The industry agreed with the Deputy Prime Minister, John Prescott, last year that 500 new trains would be introduced by now, but only about 100 are in operation. Some operators, such as Connex and LTS Rail in southern England and South West Trains, have failed to introduce one new unit since the deadline was agreed at Mr Prescott's first "rail summit" in November 1998, say internal industry figures.
Sir Alastair Morton, chairman of the Shadow Strategic Rail Authority, said a further 50 would be introduced by the end of the year, but accepted there was a serious delay.
He laid most of the blame at the door of manufacturers such as Daimler- Benz, Bombardier and Alsthom Siemens, which were "the world's finest engineering companies", but their rail subsidiaries were not up to that standard.
He told BBC Radio 4's Today programme that the testing process for the rolling stock, involving Health and Safety Executive inspectors, Railtrack and representatives from the makers, was also "pretty ill organised".
Sir Alastair said the rail authority had taken charge of a working party involving the relevant organisations to "unblock the blockages" so that the remaining 350 trains, which were now due to be delivered in the new year, went into operation as soon as possible. Another group had been established to change the process by which new trains were introduced.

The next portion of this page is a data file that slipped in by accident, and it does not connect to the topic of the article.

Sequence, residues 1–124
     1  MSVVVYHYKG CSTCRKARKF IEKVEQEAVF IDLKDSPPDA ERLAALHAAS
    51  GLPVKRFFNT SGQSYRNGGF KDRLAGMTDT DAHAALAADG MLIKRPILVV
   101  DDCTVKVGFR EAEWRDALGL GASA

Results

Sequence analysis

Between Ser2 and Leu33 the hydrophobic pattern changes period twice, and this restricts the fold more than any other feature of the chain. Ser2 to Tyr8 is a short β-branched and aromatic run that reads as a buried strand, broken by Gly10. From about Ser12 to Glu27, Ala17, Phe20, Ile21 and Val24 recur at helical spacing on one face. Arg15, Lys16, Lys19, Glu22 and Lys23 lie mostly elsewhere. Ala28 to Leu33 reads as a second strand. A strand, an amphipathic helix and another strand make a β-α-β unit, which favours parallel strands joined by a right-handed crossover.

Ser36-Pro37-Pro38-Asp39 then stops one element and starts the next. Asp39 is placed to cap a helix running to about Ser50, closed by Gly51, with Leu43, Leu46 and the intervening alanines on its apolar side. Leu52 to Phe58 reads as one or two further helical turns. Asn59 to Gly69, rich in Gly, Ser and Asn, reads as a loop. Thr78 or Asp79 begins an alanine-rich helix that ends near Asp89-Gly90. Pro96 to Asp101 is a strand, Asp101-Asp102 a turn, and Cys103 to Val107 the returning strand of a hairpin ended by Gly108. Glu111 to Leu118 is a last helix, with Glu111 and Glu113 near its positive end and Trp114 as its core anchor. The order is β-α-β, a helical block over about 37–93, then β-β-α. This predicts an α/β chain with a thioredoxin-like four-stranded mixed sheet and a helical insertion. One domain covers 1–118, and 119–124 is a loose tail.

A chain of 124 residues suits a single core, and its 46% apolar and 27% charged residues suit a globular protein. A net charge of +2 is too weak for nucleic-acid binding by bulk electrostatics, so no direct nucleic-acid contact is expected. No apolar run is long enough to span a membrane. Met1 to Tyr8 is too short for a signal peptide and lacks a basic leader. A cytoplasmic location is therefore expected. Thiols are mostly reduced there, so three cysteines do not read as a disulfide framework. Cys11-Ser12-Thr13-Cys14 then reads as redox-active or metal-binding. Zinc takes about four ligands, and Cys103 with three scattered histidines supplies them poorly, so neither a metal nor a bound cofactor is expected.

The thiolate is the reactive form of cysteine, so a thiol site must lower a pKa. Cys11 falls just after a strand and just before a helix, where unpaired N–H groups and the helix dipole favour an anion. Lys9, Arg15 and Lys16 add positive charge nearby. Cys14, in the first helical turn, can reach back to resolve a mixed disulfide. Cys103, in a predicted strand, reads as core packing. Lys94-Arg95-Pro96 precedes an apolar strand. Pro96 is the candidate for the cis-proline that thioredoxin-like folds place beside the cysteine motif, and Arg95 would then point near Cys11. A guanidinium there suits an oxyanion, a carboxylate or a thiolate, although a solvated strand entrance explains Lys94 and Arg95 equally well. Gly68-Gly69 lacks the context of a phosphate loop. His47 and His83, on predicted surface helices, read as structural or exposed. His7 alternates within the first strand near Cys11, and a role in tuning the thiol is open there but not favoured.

Jonathan Bray, director of the pressure group Save Our Railways, said it was "hugely disappointing" the objectives had not been met. "Heads need to be banged together because some of these trains have been built but are stuck in factories because of red tape," he said.
The Association of Train Operating Companies said nearly all the delays to the new rolling stock were due to the rigorous safety inspections each vehicle had to have before it could run on the network. There would be 1,000 new vehicles on the network by the end of next year, a spokesman promised.
Ken Bird, managing director of LTS Rail, which runs the London, Tilbury and Southend service, said his new rolling stock was three to four months late, but customers demanded "absolute safety and absolute reliability" and that meant the trains had to pass the tests before going into service. "If that means delays then so be it," he said. "On my line we're desperate for the new trains, my customers have had it poor for too long. The new trains are there, air conditioned, 100 miles an hour, everything they ever want and teasingly they're months away."
Mike Ruston of Alsthom Siemens said there had been a period before and after privatisation when manufacturers had received no orders and factories were idle. "It was simply not possible to move from an empty domestic order book to full production overnight," he said.